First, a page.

While I certainly cannot argue with any of his ten points, I wish he had listed “Foreign Language” as #2 or even #1 (instead of #3) for all the excellent reasons he mentions:
“... I know that everyone is learning English these days, but learning at least one foreign language provides a window into another culture that you can't get any other way, and also provides a sense of mastery and insight that is hard to achieve otherwise.” It seems clear to me that among the many other “things” a foreign policy expert should know, foreign language and history should be on top.
Considering the interconnections of our lives with the rest of the world, Prof. Walt's reasoning does not only apply to foreign policy wonks, but indeed to many industries, businesses, and people. He also speaks to “a sense of mastery that is hard to achieve otherwise,” a point that is rarely mentioned when enumerating the benefits of knowing a foreign language.
The current presidential election campaign in the US also makes me again painfully aware of the fact that knowing another language (than English) does not give any candidate an advantage with the voting public.
You may all remember that John Kerry downplayed his knowledge of French in 2004, and Mitt Romney is currently doing the same. President Obama is now staying away from that topic as well, as he got blasted in 2008 when regretting: “I don't speak a foreign language. It's embarrassing ... It's embarrassing when Europeans come over here, they all speak English, they speak French, they speak German. And then we go over to Europe and all we can say is merci beaucoup, right?" (CBS News 7/11/2008)
But for those who endeavor to learn another language both the “window into another culture” and the “sense of mastery” provide ample rewards.
You want to learn a new language. You’ve picked it out and have a program that suits your learning style. But the learning is just not happening. Some days you forget to do it, other days you clearly procrastinate. Cleaning up your desk seems vitally more important than learning and practicing 15 more vocabulary items.
Language Learner’s Block
What you may have is Language Learner’s Block. It has some similarities with Writer’s Block. To borrow and adapt a definition: Language Learner’s Block “is the condition whereby a language learner cannot summon up the will and energy to continue learning a foreign language.” (From Fiction Writers’ Mentor)
There may be various reasons for feeling blocked. A lack of confidence in yourself as a language learner may be sapping your motivation. Or you may feel you’re too busy with other things. But even people with a full schedule find ways to add an item they want to do. As a matter of fact, doesn’t the saying go: “If you really want to get a job done, find a busy person to do it”? The implication is that such people will be disciplined and efficient.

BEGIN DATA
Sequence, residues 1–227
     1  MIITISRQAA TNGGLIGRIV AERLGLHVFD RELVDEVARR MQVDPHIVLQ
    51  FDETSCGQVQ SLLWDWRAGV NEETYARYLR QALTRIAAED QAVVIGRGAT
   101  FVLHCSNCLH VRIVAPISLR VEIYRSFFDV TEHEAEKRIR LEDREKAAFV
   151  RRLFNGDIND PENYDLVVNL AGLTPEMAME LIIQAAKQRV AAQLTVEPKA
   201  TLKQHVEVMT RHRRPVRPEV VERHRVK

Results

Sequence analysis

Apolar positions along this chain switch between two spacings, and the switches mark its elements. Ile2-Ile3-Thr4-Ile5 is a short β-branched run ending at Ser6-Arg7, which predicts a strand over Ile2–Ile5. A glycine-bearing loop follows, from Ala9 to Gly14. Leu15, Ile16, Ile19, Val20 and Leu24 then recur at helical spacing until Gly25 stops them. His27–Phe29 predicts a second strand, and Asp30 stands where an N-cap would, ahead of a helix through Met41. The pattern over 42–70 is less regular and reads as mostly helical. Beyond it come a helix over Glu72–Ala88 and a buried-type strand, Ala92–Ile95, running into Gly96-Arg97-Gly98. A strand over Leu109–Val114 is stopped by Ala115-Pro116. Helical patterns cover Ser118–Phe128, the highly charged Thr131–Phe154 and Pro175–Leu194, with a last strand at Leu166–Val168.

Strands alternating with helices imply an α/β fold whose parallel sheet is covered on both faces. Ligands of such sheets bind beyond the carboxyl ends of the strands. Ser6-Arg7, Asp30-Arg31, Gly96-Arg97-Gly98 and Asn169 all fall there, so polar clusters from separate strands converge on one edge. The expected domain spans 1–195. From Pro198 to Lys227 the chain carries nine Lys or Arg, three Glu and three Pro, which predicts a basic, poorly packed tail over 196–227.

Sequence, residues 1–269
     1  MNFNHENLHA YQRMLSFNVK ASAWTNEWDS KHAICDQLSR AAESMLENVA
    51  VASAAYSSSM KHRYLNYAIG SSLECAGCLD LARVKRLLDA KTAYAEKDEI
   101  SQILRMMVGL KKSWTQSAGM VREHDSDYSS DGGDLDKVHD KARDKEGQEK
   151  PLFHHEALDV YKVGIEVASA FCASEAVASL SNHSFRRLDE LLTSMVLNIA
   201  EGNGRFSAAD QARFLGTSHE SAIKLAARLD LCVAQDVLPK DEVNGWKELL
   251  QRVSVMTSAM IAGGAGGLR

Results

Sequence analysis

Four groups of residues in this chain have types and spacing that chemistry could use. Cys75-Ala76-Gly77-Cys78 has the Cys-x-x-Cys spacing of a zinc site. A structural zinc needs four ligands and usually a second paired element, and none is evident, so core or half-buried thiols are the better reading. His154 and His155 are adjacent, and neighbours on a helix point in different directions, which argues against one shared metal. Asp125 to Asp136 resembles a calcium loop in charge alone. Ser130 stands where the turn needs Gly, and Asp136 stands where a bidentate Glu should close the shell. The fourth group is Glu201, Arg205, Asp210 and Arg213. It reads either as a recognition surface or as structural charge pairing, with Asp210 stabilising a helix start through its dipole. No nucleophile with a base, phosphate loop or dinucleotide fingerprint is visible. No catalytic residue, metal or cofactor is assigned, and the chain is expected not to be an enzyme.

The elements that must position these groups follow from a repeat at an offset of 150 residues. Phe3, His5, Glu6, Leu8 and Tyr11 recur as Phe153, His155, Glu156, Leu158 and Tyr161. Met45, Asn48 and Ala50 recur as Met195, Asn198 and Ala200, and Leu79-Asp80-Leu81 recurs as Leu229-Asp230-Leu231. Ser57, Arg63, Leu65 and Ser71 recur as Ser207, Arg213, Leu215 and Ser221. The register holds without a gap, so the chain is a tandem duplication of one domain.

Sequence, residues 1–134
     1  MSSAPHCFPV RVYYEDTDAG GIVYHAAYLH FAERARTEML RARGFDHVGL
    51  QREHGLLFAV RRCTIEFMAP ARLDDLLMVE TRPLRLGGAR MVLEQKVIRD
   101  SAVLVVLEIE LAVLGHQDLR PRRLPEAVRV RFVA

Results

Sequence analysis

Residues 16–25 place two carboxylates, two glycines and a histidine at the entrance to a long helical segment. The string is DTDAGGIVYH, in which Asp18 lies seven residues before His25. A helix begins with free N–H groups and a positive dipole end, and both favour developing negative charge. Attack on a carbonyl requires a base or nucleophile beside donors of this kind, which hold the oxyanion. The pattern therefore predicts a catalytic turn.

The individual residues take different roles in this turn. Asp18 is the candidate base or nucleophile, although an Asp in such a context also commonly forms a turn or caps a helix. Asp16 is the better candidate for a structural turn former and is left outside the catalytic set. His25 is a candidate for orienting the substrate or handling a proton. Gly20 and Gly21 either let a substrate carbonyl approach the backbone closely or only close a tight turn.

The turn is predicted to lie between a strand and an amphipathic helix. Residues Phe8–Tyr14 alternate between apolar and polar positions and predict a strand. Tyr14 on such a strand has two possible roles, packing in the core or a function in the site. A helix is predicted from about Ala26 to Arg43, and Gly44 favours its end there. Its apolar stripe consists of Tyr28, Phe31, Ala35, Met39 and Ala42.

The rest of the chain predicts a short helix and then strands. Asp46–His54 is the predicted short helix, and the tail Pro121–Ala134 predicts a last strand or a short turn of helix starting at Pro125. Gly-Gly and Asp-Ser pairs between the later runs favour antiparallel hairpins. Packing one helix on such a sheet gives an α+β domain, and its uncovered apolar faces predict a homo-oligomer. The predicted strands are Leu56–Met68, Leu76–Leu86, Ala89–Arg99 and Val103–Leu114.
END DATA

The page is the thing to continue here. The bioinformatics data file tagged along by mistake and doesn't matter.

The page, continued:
Seven (7) Habits...
Here are seven (7) simple ways to help you get out of a Language Learner’s Block.
1. Tell yourself that you’ll do a minimum of 5 minutes a day. Be honest with yourself, if that’s all you do, that’s fine. Your main goal is to get into a routine that will get you into an easy language learning mode.
2. Get a daily reminder. For most online programs, you can sign up for a daily e-mail to remind you. Or, you can put a daily alert on your phone.
3. Set yourself a small, specific task for every session (see examples below). Then do it with gusto, for a minimum of 5 minutes.
- Go through a specific exercise/segment in your chosen language program.
- Learn & pronounce 1 new verb, and its conjugation in the present.
- Learn, write, and pronounce 7 new words.
- Learn & practice 5 new phrases.
- Read (aloud if you can) 1 page in a book that’s on your level
- Watch a YouTube news video.
4. When you’re done, set yourself a quick next task. That will make it easier to get right into your next session.
5. Try things out, and don’t worry about making mistakes. As Benny the Polyglot says, perfectionism leads to paralysis. Don't go for perfection in speaking and writing in a foreign language. Even when you sound a little weird (in comparison to the native speaker on the program), don’t worry about it. Your first tries may be tentative, but if you keep trying, you will improve. The same goes for writing. With time, you’ll master the new spelling and grammar.
6. Every time you complete a task, feel good about it! Or treat yourself to something special, after 10 days in a row, after 30 days in a row, etc.
7. Embrace a new personality for your new language. For example, when practicing Italian, allow yourself to be more dramatic than you usually are. Have fun with exploring new ways to express yourself. And read, Change of Language, Change of Personality? by François Grosjean about being different when you change languages.